and benefits of best management practices
New York forest owners
own much more than forests. They own the source waters
of creeks and rivers, hundreds of tons of rich organic
soil per acre, trillions of microscopic animals, and
enough biological energy to make any electric producer
envious. These ecological aspects of forests require
proper stewardship and maintenance to continue providing
the many benefits for our communities.
key concepts in managing a hardwood forest are
professional assistance when needed
Forests in New York can reach
an ecologically and economically valuable state with assistance
from responsible forest owners. For three centuries, the
impacts of human activities have made a "hands off"
approach to forests impractical. Doing nothing to a woodlot
may lead to undesirable conditions, like low species diversity,
infestations of unwanted exotic plants, and loss of wildlife
Timber harvesting is the
main way we derive economic benefits from forests. The
basic process of timber harvesting remains the same, despite
centuries of technological development: selected trees are
cut down, humans use equipment to move logs to a gathering
site, then the logs are transported en masse to a mill for
processing. The owner of the trees or timber rights is paid
according to the specific arrangement of each sale.
Northeasterners view timber harvesting suspiciously. The
most important way for timber management to remain compatible
with widely held environmental goals is to engage in "best
management practices" - actions taken to reduce the
impacts of logging on environmental quality. Best management
practices apply to water quality, forest soil quality, forest
site productivity, wildlife habitats, as well
as the overall ecological integrity of New York's forests.
often resembles a construction project. Concerns about water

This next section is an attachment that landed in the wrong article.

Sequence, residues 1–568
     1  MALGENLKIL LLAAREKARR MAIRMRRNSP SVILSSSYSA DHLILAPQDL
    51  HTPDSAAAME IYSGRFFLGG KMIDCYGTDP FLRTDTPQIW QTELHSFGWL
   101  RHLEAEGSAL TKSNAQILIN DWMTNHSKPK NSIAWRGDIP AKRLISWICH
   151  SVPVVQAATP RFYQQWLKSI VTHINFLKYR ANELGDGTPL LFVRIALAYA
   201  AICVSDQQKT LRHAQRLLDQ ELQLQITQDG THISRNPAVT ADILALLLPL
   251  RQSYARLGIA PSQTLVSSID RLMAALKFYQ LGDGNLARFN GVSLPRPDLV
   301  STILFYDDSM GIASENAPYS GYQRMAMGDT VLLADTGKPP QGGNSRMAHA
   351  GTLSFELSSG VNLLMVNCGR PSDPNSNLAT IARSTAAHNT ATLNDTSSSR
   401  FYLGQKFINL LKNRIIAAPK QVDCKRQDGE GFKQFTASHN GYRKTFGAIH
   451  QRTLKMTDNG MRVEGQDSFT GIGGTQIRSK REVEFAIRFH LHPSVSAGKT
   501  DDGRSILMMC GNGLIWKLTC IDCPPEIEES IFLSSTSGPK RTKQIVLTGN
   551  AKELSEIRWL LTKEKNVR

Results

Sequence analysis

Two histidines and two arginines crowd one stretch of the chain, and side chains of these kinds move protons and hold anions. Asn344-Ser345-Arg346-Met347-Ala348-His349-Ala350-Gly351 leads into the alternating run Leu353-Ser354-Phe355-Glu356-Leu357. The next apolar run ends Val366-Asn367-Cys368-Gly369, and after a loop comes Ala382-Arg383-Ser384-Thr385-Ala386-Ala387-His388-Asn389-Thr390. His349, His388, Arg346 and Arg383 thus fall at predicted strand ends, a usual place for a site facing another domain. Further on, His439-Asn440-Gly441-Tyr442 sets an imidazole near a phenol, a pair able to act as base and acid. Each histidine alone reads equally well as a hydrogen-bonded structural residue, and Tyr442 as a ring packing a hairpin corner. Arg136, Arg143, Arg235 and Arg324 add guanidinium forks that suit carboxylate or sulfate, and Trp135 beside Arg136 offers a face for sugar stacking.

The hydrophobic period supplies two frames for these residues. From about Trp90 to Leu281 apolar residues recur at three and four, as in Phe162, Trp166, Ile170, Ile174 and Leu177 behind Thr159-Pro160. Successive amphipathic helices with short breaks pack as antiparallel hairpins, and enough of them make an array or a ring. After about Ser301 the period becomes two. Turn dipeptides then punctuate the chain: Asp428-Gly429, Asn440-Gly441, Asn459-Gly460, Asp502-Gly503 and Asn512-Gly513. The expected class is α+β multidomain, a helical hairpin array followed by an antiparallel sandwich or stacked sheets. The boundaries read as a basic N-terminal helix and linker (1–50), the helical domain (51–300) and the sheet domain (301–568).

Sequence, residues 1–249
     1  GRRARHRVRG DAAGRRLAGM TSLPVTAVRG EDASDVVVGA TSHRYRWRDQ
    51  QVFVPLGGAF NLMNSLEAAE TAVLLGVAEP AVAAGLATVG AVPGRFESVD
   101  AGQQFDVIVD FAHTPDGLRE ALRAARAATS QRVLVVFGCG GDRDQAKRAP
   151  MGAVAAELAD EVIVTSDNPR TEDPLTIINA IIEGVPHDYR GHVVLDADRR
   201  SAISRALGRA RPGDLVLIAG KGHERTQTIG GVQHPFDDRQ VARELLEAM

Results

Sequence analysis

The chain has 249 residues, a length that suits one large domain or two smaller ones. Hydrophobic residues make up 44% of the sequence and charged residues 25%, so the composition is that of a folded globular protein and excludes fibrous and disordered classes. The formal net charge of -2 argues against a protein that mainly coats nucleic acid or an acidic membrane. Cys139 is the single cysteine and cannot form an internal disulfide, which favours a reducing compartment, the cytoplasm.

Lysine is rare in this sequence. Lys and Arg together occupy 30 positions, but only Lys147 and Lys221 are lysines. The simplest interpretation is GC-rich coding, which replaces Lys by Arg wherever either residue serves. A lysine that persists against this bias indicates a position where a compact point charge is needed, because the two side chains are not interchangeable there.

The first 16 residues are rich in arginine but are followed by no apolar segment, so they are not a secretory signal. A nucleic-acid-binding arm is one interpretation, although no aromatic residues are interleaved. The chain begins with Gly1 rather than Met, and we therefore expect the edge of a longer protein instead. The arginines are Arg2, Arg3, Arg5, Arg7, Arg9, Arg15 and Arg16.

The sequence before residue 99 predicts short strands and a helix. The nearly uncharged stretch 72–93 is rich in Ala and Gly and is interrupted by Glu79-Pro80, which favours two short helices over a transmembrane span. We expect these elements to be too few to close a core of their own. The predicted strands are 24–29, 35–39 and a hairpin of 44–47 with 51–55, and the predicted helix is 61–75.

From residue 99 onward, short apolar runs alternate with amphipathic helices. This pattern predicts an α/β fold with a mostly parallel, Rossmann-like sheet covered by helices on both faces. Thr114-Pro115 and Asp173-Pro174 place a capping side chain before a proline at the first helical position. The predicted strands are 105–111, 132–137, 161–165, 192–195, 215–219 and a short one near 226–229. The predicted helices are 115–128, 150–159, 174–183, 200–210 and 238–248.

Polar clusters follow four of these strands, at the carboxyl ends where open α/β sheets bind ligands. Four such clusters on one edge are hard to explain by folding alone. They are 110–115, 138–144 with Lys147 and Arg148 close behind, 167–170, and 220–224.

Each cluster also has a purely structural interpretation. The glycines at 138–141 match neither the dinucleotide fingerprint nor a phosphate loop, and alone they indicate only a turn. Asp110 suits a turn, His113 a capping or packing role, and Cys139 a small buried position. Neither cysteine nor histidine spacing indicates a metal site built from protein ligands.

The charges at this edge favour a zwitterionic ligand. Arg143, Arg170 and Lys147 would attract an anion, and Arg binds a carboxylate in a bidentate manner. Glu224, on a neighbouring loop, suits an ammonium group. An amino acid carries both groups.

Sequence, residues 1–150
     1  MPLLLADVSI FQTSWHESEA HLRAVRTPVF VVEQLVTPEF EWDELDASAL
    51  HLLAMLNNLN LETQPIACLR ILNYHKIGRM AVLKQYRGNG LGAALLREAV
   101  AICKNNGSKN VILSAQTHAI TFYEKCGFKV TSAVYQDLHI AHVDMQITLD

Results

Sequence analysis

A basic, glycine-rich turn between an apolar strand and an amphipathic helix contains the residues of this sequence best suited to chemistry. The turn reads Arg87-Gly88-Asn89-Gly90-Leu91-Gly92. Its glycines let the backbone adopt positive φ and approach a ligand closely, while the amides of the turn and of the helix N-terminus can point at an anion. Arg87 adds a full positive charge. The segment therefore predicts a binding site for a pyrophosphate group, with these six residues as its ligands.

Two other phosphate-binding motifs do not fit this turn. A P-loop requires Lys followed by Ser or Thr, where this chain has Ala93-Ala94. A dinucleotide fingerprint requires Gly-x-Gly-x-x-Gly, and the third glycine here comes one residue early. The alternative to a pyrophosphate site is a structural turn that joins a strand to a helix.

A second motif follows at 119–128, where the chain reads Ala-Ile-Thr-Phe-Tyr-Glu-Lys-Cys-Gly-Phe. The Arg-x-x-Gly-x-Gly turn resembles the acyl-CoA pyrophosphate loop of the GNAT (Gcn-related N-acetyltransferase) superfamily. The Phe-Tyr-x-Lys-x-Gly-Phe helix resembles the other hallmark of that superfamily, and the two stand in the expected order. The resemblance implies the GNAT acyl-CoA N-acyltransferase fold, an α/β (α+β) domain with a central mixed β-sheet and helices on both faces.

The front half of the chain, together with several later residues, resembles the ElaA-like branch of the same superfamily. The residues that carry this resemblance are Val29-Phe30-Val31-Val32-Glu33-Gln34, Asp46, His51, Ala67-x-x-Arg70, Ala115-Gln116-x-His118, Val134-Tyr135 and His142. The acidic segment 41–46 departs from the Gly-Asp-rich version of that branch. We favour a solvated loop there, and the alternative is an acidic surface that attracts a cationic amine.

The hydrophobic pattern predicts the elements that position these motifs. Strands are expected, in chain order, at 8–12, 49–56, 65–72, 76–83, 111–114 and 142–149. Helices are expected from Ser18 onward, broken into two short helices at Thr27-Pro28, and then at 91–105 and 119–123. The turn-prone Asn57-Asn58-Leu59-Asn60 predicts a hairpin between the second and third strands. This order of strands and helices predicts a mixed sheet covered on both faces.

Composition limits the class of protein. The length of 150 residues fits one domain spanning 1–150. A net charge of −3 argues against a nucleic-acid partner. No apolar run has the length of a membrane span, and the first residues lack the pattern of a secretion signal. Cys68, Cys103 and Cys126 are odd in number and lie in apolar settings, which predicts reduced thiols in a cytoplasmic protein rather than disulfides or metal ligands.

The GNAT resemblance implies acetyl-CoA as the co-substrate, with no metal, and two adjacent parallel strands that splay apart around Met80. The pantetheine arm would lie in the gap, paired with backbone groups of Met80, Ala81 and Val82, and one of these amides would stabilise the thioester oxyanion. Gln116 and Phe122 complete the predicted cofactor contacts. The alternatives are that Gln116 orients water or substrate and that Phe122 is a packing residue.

quality are usually associated with the movement of heavy
logs on the site. However, environmental degradation can
take place anywhere during a timber harvest.
Each timber harvest
is different, so as a landowner, town official, forester,
or logger, you will need to be familiar with best
management practices and how they are applied to different
situations. Your good judgment in the field will pay off
with enhanced water quality protection, improved post-harvest
condition of forest soils, improved regeneration of seedlings
and saplings, improved resistance to storm damage, and sustainable
flow of forest products we all use.
Compared to other human activities
- residential development, farming, road construction, and
mineral extraction - timber harvesting has a relatively
small impact on water quality. However, since most of the
water we share with all other organisms first flows through
forested land, it is an ecologically sensitive area.
Professional and skilled
assistance is an important part of forest stewardship. Once
you determine your long-range plans for a forest, engage
the services of a qualified forester to help make good short-term
decisions. You can also meet with trained volunteers (Master
Forest Owners), attend workshops, read publications, and
review electronic guides (like this one) to shape your forest
This guide lists and explains
more than one hundred best management practices for Finger
Lakes forests. Included are details about best management
- before a timber
- during a timber harvest
- after a timber harvest
- in a non-harvest situation, and
- for forest owners working in their own woodlands
This resource is intended
to supplement two print publications: "Best Management
Practices During Timber Harvesting Operations," created
by the Chemung County Soil and Water Conservation District,
and the "New York Forestry Best Management Practices
Field Guide", created by the NYS Department of Environmental
Sixteen practical benefits
of utilizing forest best management practices:
1. Landowner satisfaction
with all parts of a timber harvest, and enhanced access
to a woodlot for hiking and recreation.
2. Can create information
and resources for future timber sales and sales of forested
3. Increase the efficiency
of woodland resources. Under a good forest plan, woodlot
owners are often able to obtain more income for less timber
removed. They avoid the inefficient methods of diameter
limit cutting or high grading.
4. Improve condition of
forest roads, trails, and wildlife areas if desired.
5. Increase options for
non-timber forest projects, like growing American ginseng
and forest mushroom cultivation.
6. More quality timber
available in future sales.
7. Reduces burden of town-by-town
ordinances and regulations.
8. Reduces chance of violating
NY Environmental Conservation Laws and avoid major fines.
9. Increases logging productivity
from reduced weather-related downtime.
10. Reduces time and expense
repairing eroded roads.
Enhances water quality protection.
12. Improves post-harvest
condition of forest soils.
13. Forests managed with
the full range of BMPs are less susceptible to disease,
insect, and deer damage.
14. Improved regeneration
of seedlings and saplings.
15. Improved resistance
to storm damage.
16. Easier to maintain
condition of town and county roads.